Review: Daimones

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This review is for a blog tour. I received the book for no compensation and for an honest and fair review.

Daimones by Massimo MarinoTitle: Daimones
Author: Massimo Marino
Genre: Post-apocalyptic, science fiction
Series: Book One of Daimones Trilogy
Stalk the author: Twitter


Dan Amenta woke up one morning to discover the world had changed…the Apocalypse had arrived.

Death, destruction, and disaster were wreaking havoc across the globe. Yet Dan and his family remained untouched and he sensed some sort of supernatural power had left them the only three people alive on Earth. They were not.

The efforts to survive and find others brought Dan to discover the disturbing truth about the human extermination. He met Laura, who brought revelations about the catastrophe, and her presence – a young, sexy, disruptive girl – raised questions about what was moral and ethical in the new reality. Other survivors reported what they had seen, forcing Dan to seek explanations from his own past.

Ancient hallucinations strike Dan with the force of a sledgehammer and bring him face-to-face with his new role in a scenario with roots millions-of-years old. Planet Earth was now in the hands of an older power but not the one Dan had ever envisioned.


I’m not really sure how I feel about this novel. Despite glowing and rave reviews, I’m not completely won over, but I didn’t hate the book. I’ve read a couple of Massimo’s short stories and I’ve fallen head-over-heels for them for their beautiful poetic language and gripping stories that have given me chills and made me tear up. So I accepted to review his novel expecting the same thing — I was wrong.

It took me awhile to adjust to the narrator’s voice. The narrator isn’t American, and English is not his first language (like the author) and there wasn’t a smoothness to the prose. Sometimes there would be a comma put in that though it would be stylistically correct, it caused the sentence to sound stilted; fragmented sentences littered the novel giving the narrator a broken English sound. I don’t know if that was intentional or not, but it was a little jarring for me at times and I had to go back over and re-read a section two or three times to get what the narrator, Dan, meant or sometimes a sentence would be correct, but should’ve been re-worded for a clearer meaning such as:

Our property included an adjacent cottage that we used for visiting family and friends.

I understand that the narrator meant to say, “Our property included an adjacent cottage that we used for family and friends that came to visit.” Though this work is science fiction, the cottage isn’t a transporter.

I also had an issue with the first half of the book. I love emotional dramas where you see what’s going on with a family and whatnot and everything. I’m even for slow beginnings that showcase character development. However, I felt like there wasn’t enough emotional drama in the beginning; I wanted more from it, but never quite received it. Actually, upon further reflection, I think it would’ve been more interesting if the first half of the story (or maybe even the first three parts) was told from Mary’s, Dan’s wife, point of view. To me, she was the most interesting character to write about from an emotional standpoint. The sacrifices she went through and the decisions she made were nothing short of astounding. But what really frustrated me was the fact that the first half of the book was summed up in two sentences within the book:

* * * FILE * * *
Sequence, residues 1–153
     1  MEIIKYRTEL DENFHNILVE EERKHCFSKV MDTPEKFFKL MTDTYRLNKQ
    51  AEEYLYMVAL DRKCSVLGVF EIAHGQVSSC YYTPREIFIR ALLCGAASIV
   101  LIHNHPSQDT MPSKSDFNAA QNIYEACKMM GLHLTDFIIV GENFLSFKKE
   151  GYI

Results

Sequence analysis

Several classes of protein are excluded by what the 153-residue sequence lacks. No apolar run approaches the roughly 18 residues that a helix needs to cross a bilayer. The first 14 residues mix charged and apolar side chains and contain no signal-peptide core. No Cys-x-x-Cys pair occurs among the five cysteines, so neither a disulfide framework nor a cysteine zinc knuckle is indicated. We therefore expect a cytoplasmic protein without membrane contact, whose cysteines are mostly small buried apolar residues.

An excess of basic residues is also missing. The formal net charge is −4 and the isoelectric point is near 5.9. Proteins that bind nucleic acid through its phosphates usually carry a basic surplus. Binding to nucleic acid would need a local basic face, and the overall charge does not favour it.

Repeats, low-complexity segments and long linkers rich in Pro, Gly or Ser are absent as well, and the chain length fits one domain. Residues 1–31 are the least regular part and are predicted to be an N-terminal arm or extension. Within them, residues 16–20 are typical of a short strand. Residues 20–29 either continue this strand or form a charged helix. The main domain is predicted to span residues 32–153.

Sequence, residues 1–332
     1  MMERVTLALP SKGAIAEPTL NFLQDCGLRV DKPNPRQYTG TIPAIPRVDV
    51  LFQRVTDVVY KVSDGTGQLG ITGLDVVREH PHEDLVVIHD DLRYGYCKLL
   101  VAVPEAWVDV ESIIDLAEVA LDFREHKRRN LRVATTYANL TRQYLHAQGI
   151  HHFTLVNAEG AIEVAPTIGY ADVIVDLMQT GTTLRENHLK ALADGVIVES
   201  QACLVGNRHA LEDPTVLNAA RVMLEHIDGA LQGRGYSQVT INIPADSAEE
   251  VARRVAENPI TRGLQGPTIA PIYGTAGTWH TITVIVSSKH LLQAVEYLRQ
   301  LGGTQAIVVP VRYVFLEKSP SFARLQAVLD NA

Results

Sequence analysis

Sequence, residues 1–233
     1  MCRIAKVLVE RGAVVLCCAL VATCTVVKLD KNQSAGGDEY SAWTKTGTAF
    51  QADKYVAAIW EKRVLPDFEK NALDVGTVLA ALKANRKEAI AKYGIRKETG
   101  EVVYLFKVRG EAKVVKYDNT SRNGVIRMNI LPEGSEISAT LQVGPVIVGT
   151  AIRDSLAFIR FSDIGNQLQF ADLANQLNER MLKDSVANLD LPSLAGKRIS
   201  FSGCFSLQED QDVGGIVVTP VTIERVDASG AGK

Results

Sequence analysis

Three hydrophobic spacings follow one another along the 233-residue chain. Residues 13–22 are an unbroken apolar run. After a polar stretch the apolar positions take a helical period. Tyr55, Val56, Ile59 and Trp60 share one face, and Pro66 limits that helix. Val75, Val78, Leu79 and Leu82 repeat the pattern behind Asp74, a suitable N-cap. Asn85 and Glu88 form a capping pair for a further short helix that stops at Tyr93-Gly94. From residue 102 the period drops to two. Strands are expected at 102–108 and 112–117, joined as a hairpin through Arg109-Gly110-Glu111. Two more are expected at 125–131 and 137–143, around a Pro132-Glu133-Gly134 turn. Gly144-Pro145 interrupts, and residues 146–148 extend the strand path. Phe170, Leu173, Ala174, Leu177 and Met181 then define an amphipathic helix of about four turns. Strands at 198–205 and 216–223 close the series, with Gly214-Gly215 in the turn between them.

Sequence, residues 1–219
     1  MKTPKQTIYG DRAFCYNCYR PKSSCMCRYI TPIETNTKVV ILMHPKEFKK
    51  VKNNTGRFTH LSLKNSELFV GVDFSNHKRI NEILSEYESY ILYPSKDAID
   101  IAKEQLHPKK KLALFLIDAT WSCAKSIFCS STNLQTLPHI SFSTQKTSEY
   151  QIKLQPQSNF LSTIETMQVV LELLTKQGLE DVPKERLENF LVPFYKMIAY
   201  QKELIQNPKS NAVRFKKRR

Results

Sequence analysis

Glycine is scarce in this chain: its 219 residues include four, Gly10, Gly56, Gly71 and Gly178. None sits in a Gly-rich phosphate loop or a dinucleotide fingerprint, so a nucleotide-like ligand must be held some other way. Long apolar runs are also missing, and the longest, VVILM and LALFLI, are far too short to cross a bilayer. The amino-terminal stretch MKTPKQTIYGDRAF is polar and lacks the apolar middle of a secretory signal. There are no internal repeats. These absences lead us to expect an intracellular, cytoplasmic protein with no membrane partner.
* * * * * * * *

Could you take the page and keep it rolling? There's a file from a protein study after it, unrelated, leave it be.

Ours had been more of an emotional struggle, overcoming the initial fears and getting ourselves organized. We had not faced any menace or dangers…so far.

Despite any and all issues I had with the first half of the book, I thought the second half of the book gave me more of what I was expecting from the first half. With the addition of another survivor, the family dynamic shifted and became more interesting to me. They adapted. Though I didn’t agree with them morally; I also understood the reasoning behind it. The most interesting and compelling part was when Dan met the creatures that were responsible for the cause of the deaths of so many humans. Massimo Marino wrapped up the ending quite nicely, almost too nicely. Though I’m interested to know more about these creatures known as the Daimones, the book ends on a rather clean note where it’s difficult for me to see where it could spin-off to and as a result, I’ll most likely be picking up the second novel to see where Marino plans on taking the rest of his trilogy.


Anyone who enjoys post-apocalyptic novels. This novel is more about emotional struggles and is quieter than the average post-apocalyptic novel which is more action-packed and full of aliens and/or zombies. (So I’ve been told.)

Last Words

There’s also this slight issue of redundancy that I think should be edited out. Stating that you received an automated Facebook email is usually enough, you don’t need to write the entire email out, too. I also felt that at times the narration took on a steam-of-consciousness style of writing, which I’ve never been a fan of.


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